What Would an Internet Bill of Rights Look Like?
To little fanfare, yesterday marked the 25th birthday for the Internet's most successful "killer app" - the World Wide Web. Its creator, Tim Berners-Lee, marked the day by releasing a statement and arguing for the urgent need to create an Internet Bill of Rights.
What would such an Internet Bill of Rights look like? Berners-Lee believes it should be focused on the Web's original founding constitutional principles of open access and open architecture and, additionally, the protection of privacy rights.
These principles may seem on the surface to be apple-pie statements - meaning that nobody really opposes them in their simply-stated form. However, very serious political debates have arisen demonstrating just how much the devil is in the details. For instance, open access sounds great, but how does it play out in the F.C.C.'s rulings on Net Neutrality? Likewise, everyone will publicly support the notion of individual privacy rights but, in actual practice, determining to what extent government regulations are desirable in order to set the rules for what type of data gets stored, and by whom, is certainly a bit more controversial.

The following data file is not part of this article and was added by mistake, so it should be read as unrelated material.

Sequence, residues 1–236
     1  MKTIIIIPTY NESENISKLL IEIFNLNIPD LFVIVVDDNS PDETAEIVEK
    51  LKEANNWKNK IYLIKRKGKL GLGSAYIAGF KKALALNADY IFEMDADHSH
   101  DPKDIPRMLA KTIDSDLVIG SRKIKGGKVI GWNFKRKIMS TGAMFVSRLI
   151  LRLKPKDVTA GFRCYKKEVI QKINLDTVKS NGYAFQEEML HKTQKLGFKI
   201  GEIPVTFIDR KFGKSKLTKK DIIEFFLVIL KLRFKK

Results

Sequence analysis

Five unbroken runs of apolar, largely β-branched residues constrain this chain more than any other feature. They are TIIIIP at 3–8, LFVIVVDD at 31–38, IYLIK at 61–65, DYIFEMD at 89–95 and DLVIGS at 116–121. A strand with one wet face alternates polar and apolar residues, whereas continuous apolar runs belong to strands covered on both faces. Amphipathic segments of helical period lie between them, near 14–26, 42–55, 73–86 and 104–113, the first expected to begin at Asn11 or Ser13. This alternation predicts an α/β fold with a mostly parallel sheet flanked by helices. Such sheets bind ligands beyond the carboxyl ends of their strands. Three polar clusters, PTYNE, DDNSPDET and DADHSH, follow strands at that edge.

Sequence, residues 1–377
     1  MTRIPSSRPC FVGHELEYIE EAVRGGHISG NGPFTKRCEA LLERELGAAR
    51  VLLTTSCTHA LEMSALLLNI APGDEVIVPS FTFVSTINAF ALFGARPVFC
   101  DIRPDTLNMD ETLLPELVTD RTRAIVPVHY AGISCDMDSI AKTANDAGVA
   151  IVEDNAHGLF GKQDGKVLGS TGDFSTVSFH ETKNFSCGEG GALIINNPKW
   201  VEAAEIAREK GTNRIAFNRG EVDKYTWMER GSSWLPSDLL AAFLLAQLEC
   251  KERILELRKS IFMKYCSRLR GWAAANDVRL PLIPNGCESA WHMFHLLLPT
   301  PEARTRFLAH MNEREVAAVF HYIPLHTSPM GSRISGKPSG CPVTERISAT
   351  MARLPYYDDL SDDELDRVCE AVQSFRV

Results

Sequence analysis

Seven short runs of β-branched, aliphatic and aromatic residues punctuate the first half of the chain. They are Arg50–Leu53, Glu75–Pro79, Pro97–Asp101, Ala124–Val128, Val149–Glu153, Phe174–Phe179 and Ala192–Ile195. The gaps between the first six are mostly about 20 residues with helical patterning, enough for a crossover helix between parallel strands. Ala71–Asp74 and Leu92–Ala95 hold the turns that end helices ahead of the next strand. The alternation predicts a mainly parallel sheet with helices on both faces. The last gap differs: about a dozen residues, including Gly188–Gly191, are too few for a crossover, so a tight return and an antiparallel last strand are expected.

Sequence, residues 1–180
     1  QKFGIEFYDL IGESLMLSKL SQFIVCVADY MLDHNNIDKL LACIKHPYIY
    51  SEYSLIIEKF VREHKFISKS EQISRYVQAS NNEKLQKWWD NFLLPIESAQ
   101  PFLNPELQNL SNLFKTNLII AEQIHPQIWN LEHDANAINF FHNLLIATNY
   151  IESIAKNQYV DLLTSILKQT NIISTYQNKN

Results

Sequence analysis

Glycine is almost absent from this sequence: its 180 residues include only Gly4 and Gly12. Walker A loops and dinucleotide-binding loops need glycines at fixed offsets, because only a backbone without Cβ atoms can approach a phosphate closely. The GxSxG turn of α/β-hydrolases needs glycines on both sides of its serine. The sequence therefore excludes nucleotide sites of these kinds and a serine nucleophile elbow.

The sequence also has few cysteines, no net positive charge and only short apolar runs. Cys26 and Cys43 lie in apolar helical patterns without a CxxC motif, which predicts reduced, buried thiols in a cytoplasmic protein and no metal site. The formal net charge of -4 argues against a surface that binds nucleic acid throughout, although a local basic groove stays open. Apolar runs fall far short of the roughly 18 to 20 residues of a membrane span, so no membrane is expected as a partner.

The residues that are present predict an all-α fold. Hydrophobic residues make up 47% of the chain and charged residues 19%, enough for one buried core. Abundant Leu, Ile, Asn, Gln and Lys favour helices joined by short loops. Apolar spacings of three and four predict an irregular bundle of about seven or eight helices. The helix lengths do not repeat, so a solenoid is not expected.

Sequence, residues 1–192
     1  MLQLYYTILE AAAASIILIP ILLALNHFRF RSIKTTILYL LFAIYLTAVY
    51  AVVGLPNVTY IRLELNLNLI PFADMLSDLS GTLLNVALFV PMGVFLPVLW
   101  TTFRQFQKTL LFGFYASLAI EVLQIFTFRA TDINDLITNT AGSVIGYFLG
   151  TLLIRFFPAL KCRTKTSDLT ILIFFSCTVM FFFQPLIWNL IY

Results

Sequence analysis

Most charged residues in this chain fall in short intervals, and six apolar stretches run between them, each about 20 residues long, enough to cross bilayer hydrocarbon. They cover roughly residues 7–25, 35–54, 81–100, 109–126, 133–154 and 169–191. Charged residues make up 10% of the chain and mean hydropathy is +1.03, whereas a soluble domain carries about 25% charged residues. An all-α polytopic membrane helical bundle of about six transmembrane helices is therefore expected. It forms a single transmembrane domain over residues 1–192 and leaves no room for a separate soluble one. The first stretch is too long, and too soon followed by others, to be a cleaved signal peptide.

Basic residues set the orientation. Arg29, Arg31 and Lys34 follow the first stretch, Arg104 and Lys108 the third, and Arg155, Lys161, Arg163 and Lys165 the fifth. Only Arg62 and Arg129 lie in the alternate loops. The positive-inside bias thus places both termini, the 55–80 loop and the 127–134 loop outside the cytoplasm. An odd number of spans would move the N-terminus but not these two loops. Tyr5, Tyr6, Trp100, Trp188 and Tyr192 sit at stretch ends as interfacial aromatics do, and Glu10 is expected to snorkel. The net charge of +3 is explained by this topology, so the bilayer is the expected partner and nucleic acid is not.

The idea of an Internet Bill of Rights is not new, and should one emerge it will likely be more of an expression of constitutional principles (that's constitution with a lowercase "c"), and not a document with any sort of legal bearing. That said, it can still be immensely valuable and important.
In typical "open" fashion, Berners-Lee is encouraging any and all Web users to head over to the Web We Want campaign and submit their own proposals. So, armchair-pundits, here's your chance to help draft the legislation that you want to see. It's a massive crowdsourced effort, like the Web itself.